Around 4:45, Jaime and I (more to come) will be giving short talks about sustainable eating and sustainable parks with a question and answer session.

Following that, local musician Joe Tkach will be playing an acoustic set.

And then, straight relaxing until the sun sets!

Bring Frisbees!, Bring Friends!, Bring Family!, Bring Dogs!

Most Importantly, Bring yourself!


Leave a comment or send me an email (andrewkleiner@gmail.com) if you want to bring food for the contest or help out in anyway.  There will be a lot needing to get done over the next week as the event approaches.

Jaime and I are really excited about this and this is promising to be the exact kind of day you will be remembering down the line.   We hope to see you there!”

CLICK HERE FOR DETAILS ON THE COOKOFF!

To sum up:

  • FREE event! Family and pet friendly
  • Save the Kales! is providing several vegan dishes for tasty noshing
  • Sign up for the COOK OFF, or simply bring a dish for everyone to share
  • 3:00 judging of cook off entries
  • EAT, HANG OUT, LAUGH, PET DOGS
  • 4:45, Talks about sustainable eating/Local environmental efforts by me and Andrew
  • An acoustic set by the super-duper talented, Joe Tkach

We’ll say the unoffical “start” of the picnic is 2pm. We have the pavillion til dusk. You are welcome to come and go as you please – in the end, this is an excuse to get together with great people and spend a day outdoors. (We also like nature and eating, so we’re working those in too, of course.)

IF YOU HAVE ANY QUESTIONS, just ask me here or: savethekales@gmail.com

I’ll see you there and we will hug and high-five each other!

Everything I Need to Know I Learned in Cooking Class

The cooking class was a huge success! It took some extra planning since I didn’t have access to a full kitchen, but what a fun challenge to take on! I balanced in my yellow heels and vintage apron and we cooked up 5 meals and 1 dessert.  Everyone left full and happy, and I left feeling accomplished and proud of myself.

When I started Save the Kales! a few months ago, it was more of a personal outlet after a truly difficult time in my life. Without getting into the fine details of that situation, cooking and talking about food became the only thing left that was “mine” alone. I could do it, and I was good at it. I was hoping a few people may read the blog and get a few ingredient ideas, but it has now lead to a complete life reevaluation in the best way, and allowed me to clearly imagine what it would be like to make a living doing something I love.

It’s easy to be afraid of viewing your dreams as tangible goals. For the longest time I didn’t even know what that meant, and felt actual guilt at the thought of asking someone to pay me for a talent. Yet, I never thought it odd to pay a stylist when I got my hair cut, a chef at a restaurant, an artist to make something beautiful for my home. Why is it so hard to believe we  can do something?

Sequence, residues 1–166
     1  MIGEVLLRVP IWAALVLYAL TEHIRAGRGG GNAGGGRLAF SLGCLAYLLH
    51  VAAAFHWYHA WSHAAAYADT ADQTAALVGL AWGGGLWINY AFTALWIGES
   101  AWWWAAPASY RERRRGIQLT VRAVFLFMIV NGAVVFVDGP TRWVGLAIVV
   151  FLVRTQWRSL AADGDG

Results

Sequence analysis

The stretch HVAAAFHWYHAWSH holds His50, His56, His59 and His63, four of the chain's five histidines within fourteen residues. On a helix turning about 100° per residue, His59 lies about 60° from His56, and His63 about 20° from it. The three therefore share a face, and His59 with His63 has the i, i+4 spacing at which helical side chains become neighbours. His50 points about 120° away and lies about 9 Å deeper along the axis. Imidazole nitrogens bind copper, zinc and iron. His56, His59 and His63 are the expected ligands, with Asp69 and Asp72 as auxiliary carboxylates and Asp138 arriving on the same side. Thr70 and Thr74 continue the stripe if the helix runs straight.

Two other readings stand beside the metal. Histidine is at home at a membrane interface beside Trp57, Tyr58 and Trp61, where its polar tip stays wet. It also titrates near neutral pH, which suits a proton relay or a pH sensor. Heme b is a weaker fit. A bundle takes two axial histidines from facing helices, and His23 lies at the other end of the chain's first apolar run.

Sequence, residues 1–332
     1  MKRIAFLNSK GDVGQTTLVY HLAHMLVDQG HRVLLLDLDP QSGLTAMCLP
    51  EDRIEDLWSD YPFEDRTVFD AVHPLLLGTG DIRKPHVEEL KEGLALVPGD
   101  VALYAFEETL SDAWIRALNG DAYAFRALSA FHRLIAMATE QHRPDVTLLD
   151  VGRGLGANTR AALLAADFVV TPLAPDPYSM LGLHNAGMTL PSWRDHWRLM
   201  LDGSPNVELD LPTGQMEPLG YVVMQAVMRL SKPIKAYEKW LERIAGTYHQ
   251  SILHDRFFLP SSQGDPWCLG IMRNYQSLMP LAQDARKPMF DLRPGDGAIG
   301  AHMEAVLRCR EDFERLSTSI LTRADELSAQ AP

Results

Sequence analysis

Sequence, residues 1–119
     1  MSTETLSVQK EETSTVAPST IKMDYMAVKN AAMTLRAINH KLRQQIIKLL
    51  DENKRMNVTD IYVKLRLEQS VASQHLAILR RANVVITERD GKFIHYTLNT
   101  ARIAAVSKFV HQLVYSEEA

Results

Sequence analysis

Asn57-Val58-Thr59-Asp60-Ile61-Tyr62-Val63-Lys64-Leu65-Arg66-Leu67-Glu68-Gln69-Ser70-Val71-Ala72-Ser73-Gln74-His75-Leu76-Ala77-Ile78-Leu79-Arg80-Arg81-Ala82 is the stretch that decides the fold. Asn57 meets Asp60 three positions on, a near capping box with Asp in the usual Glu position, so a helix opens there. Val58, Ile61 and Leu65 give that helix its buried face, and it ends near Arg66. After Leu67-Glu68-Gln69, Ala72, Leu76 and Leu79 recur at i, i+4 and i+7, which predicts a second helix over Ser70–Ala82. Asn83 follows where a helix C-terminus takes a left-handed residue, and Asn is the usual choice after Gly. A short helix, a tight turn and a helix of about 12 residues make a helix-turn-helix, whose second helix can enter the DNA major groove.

Guess what? You can. Really. It’s as simple as that.

Being in a place where you have nothing left to lose is a vulnerable, uncomfortable place. But after the frightening part subsides, you find it opens to you all possibilities – and the most humbling part is they have been there all along.

I love cooking, talking about food and nutrition, exposing people to ingredients they may not have otherwise tried. To be able to teach a class my way, my style – informative, colorful, silly – was reinforcement that I’m doing something right. It made me wonder if the hard times we experience, or the hard times we give ourselves are just a way for us to reassess our thoughts and actions to propel us into greatness.

But take my advice – don’t wait around for that moment if you can help it. You are already great and talented, and people will benefit from what you can offer. Just get up and do it.

(To my first class, I thank you with so much sincerity, and as per request I’m already planning the next class built around tofu as the common ingredient. Thanks to Christa Timko and Lisa O’Brien for the photos!)

MY WAY OR THE HIGHWAY

I’m sure I’m not the only Nosey Nancy among us. You know what I mean. It’s just another day at the grocery store, and as you pass people in the aisles you catch yourself rubbernecking to see what they have in their cart. THEN come the judgements… “That soda isn’t even DIET soda… Those crackers are so full of crap!… White bread!? WHO still eats plain WHITE BREAD?!…”

Today I was running all over the grocery store and found that this is something I do without thinking about it. And I began to feel really guilty.

When you are living your life in a way you deem “moral” – whether its by pushing extra hard at work, you incorporate spirituality into all you do, or you eat a plant-based diet especially on the grounds of animal welfare and rights, it can become all too easy to cast judgement on others who don’t do the same.

I wasn’t born with the knowledge I have about factory farming. In fact, I am embarrassed and hesitant to admit that one of the first articles I ever wrote and self-published was titled “Why I Believe in the Vegetarians Cause and Why I’m Not One”. (I know, right!?) When it comes to our diets or lifestyle choices, we could stand to be reminded that for most of us, this was a choice that came about after an “awakening” of sorts.